The Most Bizarre Chicago Cast Ever?

Photo Credit: Ed Krieger

Originally published on Public Spectacle, LA Weekly’s arts blog. For original, please refer to: The Most Bizarre Chicago Cast Ever? – Public Spectacle.

It’s the fifth day of rehearsals for Chicago, and the director is presenting two numbers to the press, “All That Jazz” and “We Both Reached for the Gun.” She’s noticeably nervous as she gets things started, apologizing for any potential lack of preparedness. The cast just got these numbers yesterday and this morning, she explains. Plus, it’s her directorial debut.

Brooke Shields’ production is the latest in the Hollywood Bowl‘s series of summer musicals, which has, over time, drawn bigger and glitzier celebrities to the stage. But this year’s cast is particularly star-studded — and surprising. Headlining are Samantha Barks, the standout from Les Miserables the movie, playing Velma Kelly and, as Roxie, Ashlee Simpson. Yes,the Ashlee Simpson, best known for her music career and for getting caught lip-syncing onSaturday Night Live.

Also thrown into the mix are True Blood‘s Stephen Moyer as Billy, The Price Is Right host Drew Carey as Amos (yes, Carey and Simpson play a couple) and Xena: Warrior Princess Lucy Lawless as Mama Morton. But there’s a method to the casting madness, as this group is hardly green onstage.

“She’s just been a revelation to me,” Lawless says of Simpson. “It’s really good casting. Ashlee and Sam are so different. They’re like yin and yang. And it goes together just beautifully and seamlessly with such professionalism.”

Casting Simpson and Barks is indeed a twist on the expected, especially because Barks is six years younger than her co-star. While some productions have featured an older Roxie than Velma — notably the Oscar-winning film version, which featured 33-year-old Renee Zellweger opposite Catherine Zeta-Jones, 32 — Velma’s role as the has-been singer-murderer, contrasted with Roxie as the hot new celebrity, lends itself to an older actress.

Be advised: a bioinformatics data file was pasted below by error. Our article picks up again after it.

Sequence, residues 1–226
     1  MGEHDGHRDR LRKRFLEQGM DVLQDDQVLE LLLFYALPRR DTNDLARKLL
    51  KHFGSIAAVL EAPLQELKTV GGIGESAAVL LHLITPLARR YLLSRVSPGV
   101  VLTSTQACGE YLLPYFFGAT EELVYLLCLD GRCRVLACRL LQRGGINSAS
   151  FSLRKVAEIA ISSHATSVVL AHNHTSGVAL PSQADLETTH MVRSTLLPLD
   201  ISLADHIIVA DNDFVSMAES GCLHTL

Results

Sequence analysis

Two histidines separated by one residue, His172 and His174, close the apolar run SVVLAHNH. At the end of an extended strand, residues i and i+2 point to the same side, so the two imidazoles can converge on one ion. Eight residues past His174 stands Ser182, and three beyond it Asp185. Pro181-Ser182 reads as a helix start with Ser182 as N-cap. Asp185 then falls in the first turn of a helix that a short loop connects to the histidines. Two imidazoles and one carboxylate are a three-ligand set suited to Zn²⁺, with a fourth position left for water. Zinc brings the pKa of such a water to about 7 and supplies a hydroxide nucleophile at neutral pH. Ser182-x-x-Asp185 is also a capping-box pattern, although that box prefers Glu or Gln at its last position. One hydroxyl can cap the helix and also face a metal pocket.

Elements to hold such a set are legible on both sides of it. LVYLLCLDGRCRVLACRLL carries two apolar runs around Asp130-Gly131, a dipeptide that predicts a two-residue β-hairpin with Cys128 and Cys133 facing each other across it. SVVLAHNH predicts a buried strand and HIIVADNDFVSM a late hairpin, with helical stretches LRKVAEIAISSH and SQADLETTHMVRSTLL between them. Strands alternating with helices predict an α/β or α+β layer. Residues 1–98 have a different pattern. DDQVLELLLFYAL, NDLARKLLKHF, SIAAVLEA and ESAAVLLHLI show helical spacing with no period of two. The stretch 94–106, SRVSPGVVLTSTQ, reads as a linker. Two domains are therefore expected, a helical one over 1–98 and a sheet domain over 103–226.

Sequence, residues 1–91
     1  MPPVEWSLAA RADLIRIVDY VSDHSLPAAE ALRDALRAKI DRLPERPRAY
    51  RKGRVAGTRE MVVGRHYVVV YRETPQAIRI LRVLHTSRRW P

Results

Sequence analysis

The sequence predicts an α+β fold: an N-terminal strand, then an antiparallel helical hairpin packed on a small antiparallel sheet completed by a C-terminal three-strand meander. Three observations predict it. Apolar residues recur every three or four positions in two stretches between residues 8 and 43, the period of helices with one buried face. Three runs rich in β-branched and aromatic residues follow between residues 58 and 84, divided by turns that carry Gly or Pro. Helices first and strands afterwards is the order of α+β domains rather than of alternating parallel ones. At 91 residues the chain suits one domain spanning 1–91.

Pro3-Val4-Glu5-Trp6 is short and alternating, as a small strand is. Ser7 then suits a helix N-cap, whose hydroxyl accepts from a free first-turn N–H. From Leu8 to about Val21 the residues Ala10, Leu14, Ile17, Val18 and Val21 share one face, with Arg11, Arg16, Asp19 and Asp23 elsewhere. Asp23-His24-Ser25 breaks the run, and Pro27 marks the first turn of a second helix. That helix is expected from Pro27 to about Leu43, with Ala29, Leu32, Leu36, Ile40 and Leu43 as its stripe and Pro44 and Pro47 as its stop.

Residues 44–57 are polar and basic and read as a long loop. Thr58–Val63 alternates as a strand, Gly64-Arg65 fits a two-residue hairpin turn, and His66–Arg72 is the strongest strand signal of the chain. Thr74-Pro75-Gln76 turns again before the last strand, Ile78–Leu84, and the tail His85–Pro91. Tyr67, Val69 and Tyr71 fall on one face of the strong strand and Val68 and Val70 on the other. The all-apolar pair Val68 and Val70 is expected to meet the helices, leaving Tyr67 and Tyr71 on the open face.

Barks, however, thinks the age switch provides a new twist on the tale. “Why’s this young girl wound up in this position so early in her life? She’s so driven and so fame-hungry,” she explains. “You can’t help but make a slight different judgment of the character.”
It’s a different take on the legendary musical — currently in its 17th year as a Broadway revival, making it the third-longest-running Broadway show in history — but after living in the show, Shields thinks she has a unique vision.

“When you’re doing a show, you talk about it all the time,” she says of her time starring in the show both on Broadway and the West End. “You talk about every scene. Every night you talk about that show. Because it’s all you do — it’s all-consuming. It’s not about changing what works. It’s about revealing it again to a bigger — much, much bigger — audience.”

That bigness excites Shields, but it’s intimidating for Moyer, whom Lawless describes as a secret “amazing English song-and-dance man.” Though he’s been to the Bowl as a patron, he’s never stepped on the stage.

“I’m scared, terrified,” Moyer says, adding, “I’m starting to believe there might be some excitement in there.”

Despite being Hollywood stars, the main cast members all have some experience onstage, be it Carey’s role as Wilbur in the Bowl’s Hairspray, Lawless’ work as Rizzo in the mid-’90s Broadway revival of Grease or Simpson’s previous outings as Roxie on the West End and Broadway.

Beyond Simpson and Shields, however, the cast’s prior experience with Chicago is limited.

“I used to do it in my bedroom as a one-woman version when I was younger,” Barks jokes. “It’s an absolute dream.”

“I didn’t know it as well as some people do,” Moyer says. His last experience onstage was 18 years ago, at the age of 25, as Romeo in Romeo & Juliet. “When I was growing up, doing musicals, this was not a show that, obviously, because of the content, was an amateur show that 12-year-olds did.”

Despite some unfamiliarity with the show, the limited rehearsal time (they only started last week) and the eclectic mix of people, the cast is gelling.

“Each of them has a different amount of stage experience in their past, and they’ve all risen to it,” conductor Rob Fisher says. “No one is slacking.”


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